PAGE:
Restaurant Review: Work in Progress

There's room for improvement at Freedmen's


2402 San Gabriel, 512/220-0953,
Tue.-Wed., 11am-10pm; Thu.-Sat., 11am-12mid; Sunday Brunch: 11am-4pm; Sunday Dinner: 4pm-10pm
Work in Progress
Photos by John Anderson


2402 San Gabriel, 512/220-0953
Mon.-Sat., 4pm-12mid; Sunday brunch: 11am-3pm; cocktails, 3-5pm; dinner, 5pm-12mid

When I lived in West Campus in the early Nineties, I would often walk past an old building at the corner of San Gabriel and 24th and think how cool the historic landmark would be as a restaurant. When I heard the news that a group of service industry veterans were taking it over, I was overjoyed. After the usual permit delays and construction woes, Freedmen's opened its doors on New Year's Eve 2012. We have visited a few times and, while the experiences have mostly been positive, there are still plenty of kinks both in the front and back of the house that need ironing out.

Joel Mozersky did a bang-up job of restoring the interior to its 1869 aesthetic, honoring its many occupants over the years and creating an atmosphere of home. I love the historic feel and intimacy of the cozy quarters indoors and am enchanted by the dog-friendly patio, especially at night when low lighting casts a nostalgic glow.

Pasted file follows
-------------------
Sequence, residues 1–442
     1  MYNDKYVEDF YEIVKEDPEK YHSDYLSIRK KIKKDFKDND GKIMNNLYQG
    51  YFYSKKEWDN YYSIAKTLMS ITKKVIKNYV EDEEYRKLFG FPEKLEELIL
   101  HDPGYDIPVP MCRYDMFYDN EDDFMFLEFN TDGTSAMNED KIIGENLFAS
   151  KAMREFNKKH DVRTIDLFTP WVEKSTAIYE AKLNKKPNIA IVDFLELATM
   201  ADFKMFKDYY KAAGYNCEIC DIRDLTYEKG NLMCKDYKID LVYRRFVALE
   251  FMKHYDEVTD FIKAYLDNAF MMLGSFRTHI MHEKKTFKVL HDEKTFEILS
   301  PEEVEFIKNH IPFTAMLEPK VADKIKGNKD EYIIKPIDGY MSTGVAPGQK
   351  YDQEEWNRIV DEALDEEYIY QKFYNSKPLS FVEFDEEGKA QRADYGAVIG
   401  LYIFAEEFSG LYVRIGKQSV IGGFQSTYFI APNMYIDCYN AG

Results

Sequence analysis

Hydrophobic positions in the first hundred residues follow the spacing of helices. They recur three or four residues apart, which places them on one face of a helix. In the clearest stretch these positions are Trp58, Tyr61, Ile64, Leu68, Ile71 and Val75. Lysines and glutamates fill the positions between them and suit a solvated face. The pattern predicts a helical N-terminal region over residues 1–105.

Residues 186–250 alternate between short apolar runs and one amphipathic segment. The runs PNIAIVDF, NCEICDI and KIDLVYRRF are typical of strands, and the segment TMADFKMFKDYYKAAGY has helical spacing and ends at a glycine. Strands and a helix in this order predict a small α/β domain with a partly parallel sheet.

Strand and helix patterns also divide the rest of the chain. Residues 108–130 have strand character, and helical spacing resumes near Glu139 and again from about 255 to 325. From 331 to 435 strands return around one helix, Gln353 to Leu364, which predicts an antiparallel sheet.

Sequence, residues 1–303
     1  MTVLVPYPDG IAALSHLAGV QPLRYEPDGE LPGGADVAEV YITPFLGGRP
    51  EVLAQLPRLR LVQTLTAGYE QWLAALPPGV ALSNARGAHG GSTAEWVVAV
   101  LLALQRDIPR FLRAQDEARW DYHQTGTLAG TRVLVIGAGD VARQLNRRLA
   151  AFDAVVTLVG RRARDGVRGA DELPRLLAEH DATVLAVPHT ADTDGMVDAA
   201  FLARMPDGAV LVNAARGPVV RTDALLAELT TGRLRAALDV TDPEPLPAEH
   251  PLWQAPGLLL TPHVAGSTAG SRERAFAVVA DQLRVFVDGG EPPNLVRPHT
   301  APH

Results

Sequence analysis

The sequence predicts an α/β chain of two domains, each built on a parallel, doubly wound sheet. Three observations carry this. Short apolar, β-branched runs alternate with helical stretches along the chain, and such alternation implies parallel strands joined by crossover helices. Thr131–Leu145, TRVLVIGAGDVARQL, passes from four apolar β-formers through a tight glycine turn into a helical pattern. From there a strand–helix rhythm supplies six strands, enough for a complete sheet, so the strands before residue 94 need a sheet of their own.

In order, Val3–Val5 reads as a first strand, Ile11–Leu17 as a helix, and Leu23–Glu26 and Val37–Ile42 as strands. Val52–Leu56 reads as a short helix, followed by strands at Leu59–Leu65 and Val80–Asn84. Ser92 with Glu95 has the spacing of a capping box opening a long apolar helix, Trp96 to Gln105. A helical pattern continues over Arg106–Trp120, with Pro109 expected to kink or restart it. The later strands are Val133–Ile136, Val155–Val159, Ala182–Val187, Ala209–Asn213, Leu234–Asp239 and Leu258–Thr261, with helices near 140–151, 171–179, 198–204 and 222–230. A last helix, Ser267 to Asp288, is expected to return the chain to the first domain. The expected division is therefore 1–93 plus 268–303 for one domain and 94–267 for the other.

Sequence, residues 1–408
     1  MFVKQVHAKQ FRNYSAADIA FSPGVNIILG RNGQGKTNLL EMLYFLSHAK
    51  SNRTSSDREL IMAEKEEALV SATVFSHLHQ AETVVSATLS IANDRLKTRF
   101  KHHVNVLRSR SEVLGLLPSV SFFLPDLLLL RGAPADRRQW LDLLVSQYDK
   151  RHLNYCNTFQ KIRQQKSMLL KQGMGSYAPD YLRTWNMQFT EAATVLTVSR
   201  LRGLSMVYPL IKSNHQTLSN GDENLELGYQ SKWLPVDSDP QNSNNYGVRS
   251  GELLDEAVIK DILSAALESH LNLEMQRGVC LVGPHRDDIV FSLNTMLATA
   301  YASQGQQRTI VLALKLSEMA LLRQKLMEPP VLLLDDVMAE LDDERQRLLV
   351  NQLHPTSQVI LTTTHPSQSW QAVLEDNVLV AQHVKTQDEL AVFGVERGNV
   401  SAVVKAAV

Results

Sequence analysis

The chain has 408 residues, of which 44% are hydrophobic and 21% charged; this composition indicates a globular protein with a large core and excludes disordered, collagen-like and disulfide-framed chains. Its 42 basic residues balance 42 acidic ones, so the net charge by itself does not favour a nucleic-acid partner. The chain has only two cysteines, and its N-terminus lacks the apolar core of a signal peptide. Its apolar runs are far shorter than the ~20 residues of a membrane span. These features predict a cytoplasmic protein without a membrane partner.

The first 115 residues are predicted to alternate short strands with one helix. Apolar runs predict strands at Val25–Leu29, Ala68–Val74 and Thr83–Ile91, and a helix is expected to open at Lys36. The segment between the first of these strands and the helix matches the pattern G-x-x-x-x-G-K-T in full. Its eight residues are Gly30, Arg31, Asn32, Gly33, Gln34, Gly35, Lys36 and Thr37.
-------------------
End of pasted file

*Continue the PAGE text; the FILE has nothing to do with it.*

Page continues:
Work in Progress

The bar specializes in classic cocktails and special craft creations. Smoke permeates every aspect of Freedmen's, and the bar is not an exception. The Smokin' Cactus ($8), made with mescal, grapefruit, lime, jalapeño-infused agave syrup, and smoked sea salt, and the Three Day Weekend, made with gin, basil, and fresh-squeezed, smoked lemon, are great examples, both refreshing and unique. We have also enjoyed a very respectable Sazerac; Freedmen's barmen take great pride in their Whiskey Wall, with extensive offerings from around the world and a special whiskey of the month. The wine selection is limited, but features better than garden-variety offerings. 

However, one problem that seems to plague Freedmen's is their inconsistency in keeping items in stock. On our first visit a few months ago, we ordered the Holy Trin­ity Plate ($17), consisting of brisket, pork rib, and sausage, but they had run out of ribs. It was late on a Friday night, so it was understandable, and the kitchen let us substitute chicken for the missing ribs. We were pleased with the moist, succulent brisket and homemade sausage, but the chicken was tough and underdone. Politely, the manager came to tell us she would take the chicken off the bill, but assured us that it wasn't underdone: "This is the way it is with smoked meats, they stay pink on the inside," she explained. Pink, yes; tough and bloody, no. Nevertheless, we enjoyed ourselves, service was very friendly, and we were especially impressed with the smoked beets ($8) served with a dollop of creamy goat cheese.